Uzbekistan is most important country for transportations to Afghanistan
Azerbaijan, Baku, Nov. 30 / Trend V. Zhavoronkova/
Uzbekistan is the most important country for the U.S. and its allies within their military operation in Afghanistan, the U.S. expert on Central Asia Bruce Pannier said.
The fragile U.S-Pakistani relations almost exclude an ideal exit route which runs through Pakistan, making Uzbekistan the most important Central Asian country for the U.S. and its allies.
"I think Uzbekistan is the most important Central Asian country for the U.S. and its allies," Pannier, expert of Radio Liberty, wrote Trend via e-mail.
Indeed, for the U.S. Pakistan is the most convenient and reliable route supplying troops in Afghanistan, but now Washington faces a problem of finding a way of cargo transportation that doesn't go through this country.
Pakistan demanded the U.S. to leave the Shamsi Air Base within 15 days and blocked ground supply routes through Pakistan to the U.S. forces in Afghanistan after a NATO attack on a Pakistani military outpost last weekend that killed 24 Pakistani soldiers.
Pannier said for the U.S. now the only other option is Central Asia with no matter how complicated that may be.
"The U.S. would like to use bases in Central Asia though it is too risky," he stressed. "Uzbekistan would be the best choice for this, because it is
Uzbekistan is more important as an exit from Afghanistan, Pannier believes.
"The U.S. and NATO have brought a lot of equipment to Afghanistan in 10 years and will need to get it all out of Afghanistan in the next few years," he added.
According to Pannier, getting supplies into Afghanistan through Pakistan will still pose problems when foreign forces withdraw from Afghanistan in 2014 as is scheduled.
"The next best route would be rail through Central Asia, namely Uzbekistan, then Russia and back into Europe and that may be the only choice," Pannier said." It also would mean maintaining good ties with Uzbekistan since that is where the railway line is located."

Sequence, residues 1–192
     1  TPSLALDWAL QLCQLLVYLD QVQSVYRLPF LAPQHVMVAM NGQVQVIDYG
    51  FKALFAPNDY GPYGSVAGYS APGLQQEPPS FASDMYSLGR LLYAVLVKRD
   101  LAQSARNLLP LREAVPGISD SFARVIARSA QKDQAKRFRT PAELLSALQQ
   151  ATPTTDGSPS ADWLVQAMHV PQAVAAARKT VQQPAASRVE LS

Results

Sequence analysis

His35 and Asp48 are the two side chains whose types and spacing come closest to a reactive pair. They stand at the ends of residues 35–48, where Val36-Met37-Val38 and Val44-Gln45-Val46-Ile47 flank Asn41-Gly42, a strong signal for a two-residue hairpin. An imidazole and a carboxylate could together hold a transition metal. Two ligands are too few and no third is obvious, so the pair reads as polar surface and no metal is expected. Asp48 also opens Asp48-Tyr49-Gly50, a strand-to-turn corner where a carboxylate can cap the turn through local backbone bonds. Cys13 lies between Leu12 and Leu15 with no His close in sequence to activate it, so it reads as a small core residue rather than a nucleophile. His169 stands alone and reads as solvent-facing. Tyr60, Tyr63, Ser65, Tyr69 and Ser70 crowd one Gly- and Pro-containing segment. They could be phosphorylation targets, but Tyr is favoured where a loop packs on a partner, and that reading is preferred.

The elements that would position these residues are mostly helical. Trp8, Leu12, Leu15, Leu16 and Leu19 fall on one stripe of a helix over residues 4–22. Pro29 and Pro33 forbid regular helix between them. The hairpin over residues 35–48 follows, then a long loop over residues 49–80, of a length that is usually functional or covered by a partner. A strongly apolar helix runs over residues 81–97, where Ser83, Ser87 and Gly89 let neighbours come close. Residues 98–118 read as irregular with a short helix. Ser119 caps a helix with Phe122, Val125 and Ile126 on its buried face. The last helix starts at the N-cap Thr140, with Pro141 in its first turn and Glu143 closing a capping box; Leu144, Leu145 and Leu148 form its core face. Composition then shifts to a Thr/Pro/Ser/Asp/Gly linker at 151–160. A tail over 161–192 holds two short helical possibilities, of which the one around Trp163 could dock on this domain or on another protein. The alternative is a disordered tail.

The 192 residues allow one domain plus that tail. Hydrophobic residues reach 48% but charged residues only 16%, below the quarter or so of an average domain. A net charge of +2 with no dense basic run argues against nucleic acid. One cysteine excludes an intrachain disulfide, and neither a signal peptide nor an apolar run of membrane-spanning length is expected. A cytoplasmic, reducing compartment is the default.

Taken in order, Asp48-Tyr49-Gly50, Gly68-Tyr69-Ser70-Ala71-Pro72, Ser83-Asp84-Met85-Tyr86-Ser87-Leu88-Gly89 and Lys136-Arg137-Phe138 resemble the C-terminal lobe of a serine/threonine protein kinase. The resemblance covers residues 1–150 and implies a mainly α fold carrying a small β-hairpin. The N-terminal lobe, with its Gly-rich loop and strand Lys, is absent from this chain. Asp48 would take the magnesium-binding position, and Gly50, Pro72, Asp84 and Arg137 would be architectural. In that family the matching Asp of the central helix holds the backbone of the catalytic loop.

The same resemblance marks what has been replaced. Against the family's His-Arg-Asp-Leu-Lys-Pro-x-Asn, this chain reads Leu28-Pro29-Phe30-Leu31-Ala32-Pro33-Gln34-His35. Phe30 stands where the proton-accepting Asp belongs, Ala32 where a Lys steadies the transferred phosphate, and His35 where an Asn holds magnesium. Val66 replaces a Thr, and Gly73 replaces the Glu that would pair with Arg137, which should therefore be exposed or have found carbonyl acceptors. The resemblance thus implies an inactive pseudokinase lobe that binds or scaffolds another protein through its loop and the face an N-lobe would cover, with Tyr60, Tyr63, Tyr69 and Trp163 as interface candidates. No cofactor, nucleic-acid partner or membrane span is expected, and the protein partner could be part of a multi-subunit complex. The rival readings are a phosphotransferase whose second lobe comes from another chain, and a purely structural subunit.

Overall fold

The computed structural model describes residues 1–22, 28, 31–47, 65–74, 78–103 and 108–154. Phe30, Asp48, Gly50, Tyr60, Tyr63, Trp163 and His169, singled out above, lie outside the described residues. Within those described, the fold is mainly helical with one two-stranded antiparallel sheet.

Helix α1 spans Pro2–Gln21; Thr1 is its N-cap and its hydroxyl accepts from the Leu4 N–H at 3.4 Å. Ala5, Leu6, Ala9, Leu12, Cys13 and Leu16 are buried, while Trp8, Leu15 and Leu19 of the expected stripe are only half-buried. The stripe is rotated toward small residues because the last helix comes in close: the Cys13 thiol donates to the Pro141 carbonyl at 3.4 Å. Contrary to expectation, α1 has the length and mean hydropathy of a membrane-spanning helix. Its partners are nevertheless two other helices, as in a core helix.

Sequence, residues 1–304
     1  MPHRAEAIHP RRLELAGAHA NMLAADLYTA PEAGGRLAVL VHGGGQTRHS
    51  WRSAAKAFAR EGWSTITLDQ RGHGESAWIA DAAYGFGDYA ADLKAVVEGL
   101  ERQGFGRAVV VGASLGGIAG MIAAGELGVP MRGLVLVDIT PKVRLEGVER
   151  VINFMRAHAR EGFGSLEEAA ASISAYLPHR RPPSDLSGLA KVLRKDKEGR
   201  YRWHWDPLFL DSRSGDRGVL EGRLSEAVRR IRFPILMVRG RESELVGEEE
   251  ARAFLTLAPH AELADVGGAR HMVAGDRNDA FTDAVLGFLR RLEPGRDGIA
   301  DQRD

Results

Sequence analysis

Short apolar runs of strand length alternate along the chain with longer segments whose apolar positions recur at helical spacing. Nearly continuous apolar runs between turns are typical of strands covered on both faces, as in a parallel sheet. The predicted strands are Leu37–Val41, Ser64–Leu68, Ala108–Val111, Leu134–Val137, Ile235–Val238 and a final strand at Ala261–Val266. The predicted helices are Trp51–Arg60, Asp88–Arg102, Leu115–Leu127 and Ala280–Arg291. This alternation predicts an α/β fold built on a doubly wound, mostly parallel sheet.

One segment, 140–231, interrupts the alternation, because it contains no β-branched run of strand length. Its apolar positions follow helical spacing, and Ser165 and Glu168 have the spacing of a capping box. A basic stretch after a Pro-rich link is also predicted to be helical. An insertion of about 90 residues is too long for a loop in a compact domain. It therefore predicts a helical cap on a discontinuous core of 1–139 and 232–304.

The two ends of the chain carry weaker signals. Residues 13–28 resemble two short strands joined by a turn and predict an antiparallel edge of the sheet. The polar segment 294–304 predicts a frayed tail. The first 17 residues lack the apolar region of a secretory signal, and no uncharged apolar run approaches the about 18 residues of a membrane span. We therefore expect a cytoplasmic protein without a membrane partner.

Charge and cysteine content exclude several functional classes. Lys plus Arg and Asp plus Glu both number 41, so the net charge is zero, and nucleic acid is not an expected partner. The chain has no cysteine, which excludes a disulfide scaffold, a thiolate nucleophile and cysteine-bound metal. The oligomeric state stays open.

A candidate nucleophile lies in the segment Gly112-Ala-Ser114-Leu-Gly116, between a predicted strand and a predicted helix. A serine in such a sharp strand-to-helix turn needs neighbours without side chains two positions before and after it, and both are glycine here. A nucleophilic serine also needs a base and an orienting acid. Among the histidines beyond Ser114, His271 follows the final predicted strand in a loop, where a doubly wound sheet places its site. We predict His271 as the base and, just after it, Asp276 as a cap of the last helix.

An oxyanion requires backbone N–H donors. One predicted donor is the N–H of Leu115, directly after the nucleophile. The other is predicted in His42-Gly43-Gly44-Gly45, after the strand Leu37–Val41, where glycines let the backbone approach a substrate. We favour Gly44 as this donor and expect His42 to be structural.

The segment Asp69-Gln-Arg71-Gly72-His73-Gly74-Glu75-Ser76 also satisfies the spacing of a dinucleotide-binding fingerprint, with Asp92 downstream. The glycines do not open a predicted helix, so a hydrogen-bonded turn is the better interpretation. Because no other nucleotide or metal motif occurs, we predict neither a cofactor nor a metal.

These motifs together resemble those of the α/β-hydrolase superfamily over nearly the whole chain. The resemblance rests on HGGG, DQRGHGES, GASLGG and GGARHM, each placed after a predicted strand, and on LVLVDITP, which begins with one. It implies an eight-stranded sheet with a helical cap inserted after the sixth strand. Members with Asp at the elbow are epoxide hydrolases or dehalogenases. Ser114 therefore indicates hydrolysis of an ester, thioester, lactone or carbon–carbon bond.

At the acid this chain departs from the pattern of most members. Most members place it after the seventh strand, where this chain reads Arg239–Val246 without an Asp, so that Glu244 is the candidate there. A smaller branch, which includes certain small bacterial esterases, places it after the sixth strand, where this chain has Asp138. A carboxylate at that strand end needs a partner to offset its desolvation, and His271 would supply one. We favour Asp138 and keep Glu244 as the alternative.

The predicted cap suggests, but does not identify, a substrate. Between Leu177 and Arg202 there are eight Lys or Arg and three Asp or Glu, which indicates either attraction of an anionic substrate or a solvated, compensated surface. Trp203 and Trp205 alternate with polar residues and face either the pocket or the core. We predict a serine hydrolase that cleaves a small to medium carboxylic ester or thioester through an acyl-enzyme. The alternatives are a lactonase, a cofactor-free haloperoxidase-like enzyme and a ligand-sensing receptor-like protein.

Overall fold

The U.S. is operating Manas Transit Center (TC) [previously military base] in Kyrgyzstan to transport military equipment and servicemen to Afghanistan.
Kyrgyzstan's state power has changed and the newly elected president Almazbek Atambayev has repeatedly stated that the U.S. lease to use Manas it will not be renewed after it expires in 2014, Pannier added.
"Of course Bishkek might rethink that position if the militant problem in Kyrgyzstan grows worse," Pannier said. "In any case, Kyrgyzstan is currently not a very stable country and appears to be increasingly depending on Russia whose position on a U.S. military presence in Central Asia is well known'.
Other Central Asian country -Turkmenistan - is simply out of the question because of the Turkmen government's policy of "positive neutrality" that would never allow a foreign military presence on its soil, Pannier believes.
One more country of the region - Kazakhstan is too far away, he added.
"Tajikistan is the one country where the U.S. and NATO appear to keep better ties with an eye toward post-2014 Afghanistan and Central Asia," Pannier said.
According to Pannier, Tajikistan allows NATO to use airfields outside Dushanbe and has been looking for someone to rent the newly repaired and modernized airfield at Aini. This Central Asian country neighbors Afghanistan and warplanes leaving from it could be over areas in Afghanistan in a matter of few minutes, Pannier said.
"I could see the Tajik government allowing a few more warplanes from NATO or the U.S. to use a base there after the 2014 drawdown," he added. "But this would only be a modest support base, valuable for quick strikes and providing a safe haven near the theater of combat but unlikely to become a major base for operations in Afghanistan."